Living in silence: A grounded theory study of vulnerability in the context of HIV infection

Research output: Contribution to journalArticle

11 Scopus citations

Abstract

Clients with HIV infection have been conceptualized as a vulnerable population. Although some researchers have examined vulnerability with clients with HIV infection, a theory of vulnerability in the context of HIV infection is non-existent. The purpose of this study was to describe, using qualitative methodology, the process by which vulnerability occurs in the context of HIV infection. Grounded theory methodology was used to sample and analyze data from 15 qualitative interviews of adults with HIV infection. Data were collected until data saturation was reached. A theory that describes the process by which vulnerability occurs in the context of HIV infection, Living in Silence, emerged from the data. Living in Silence consists of four categories: Confronting Mortality and Illness, Struggling with Change, Encountering a Lack of Psychosocial Support, and Experiencing Vulnerability. Clients living with HIV experience vulnerability. Nursing interventions to decrease the risks of vulnerability should be directed toward the holistic needs of clients and toward increasing psychosocial support.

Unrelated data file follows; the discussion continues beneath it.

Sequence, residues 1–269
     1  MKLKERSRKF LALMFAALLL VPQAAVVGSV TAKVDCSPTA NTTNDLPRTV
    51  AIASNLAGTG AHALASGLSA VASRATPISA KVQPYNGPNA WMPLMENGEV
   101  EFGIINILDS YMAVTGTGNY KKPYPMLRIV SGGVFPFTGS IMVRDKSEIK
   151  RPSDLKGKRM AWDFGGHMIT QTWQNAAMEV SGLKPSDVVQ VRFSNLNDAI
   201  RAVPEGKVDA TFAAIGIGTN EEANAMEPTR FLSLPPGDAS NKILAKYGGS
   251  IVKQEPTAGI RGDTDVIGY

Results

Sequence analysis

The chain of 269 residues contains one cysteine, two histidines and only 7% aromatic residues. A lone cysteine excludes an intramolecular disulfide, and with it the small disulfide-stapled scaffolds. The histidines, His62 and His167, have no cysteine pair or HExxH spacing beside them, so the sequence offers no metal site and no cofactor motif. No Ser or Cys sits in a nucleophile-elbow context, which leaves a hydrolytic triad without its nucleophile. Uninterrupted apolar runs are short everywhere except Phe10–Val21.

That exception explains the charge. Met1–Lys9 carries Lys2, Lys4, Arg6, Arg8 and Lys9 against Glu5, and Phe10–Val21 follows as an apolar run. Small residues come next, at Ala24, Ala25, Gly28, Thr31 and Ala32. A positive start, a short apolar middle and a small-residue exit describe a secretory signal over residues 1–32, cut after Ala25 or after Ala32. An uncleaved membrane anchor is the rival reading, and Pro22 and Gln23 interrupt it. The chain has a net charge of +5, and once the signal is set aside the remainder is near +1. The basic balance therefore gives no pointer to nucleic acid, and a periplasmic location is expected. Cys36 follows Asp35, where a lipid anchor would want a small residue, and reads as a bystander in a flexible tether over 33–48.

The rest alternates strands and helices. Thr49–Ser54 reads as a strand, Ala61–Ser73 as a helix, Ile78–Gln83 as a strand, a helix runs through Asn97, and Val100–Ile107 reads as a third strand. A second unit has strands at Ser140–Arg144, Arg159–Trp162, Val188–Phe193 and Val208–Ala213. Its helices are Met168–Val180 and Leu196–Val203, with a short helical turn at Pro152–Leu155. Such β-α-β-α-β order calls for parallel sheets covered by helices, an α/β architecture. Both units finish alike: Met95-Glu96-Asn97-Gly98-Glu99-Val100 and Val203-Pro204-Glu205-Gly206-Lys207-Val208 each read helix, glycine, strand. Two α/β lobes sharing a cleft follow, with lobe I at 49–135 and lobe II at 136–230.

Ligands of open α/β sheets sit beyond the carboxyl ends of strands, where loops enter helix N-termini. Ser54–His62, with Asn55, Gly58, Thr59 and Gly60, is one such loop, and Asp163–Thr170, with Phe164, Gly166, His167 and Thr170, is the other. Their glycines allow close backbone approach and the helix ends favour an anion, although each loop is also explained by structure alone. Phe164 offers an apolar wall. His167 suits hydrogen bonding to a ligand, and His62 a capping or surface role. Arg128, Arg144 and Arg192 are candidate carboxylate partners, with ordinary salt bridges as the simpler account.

Original languageEnglish (US)
Pages (from-to)345-354
Number of pages10
JournalIssues in Mental Health Nursing
Volume32
Issue number6
DOIs
StatePublished - Jun 22 2011

ASJC Scopus subject areas

  • Phychiatric Mental Health

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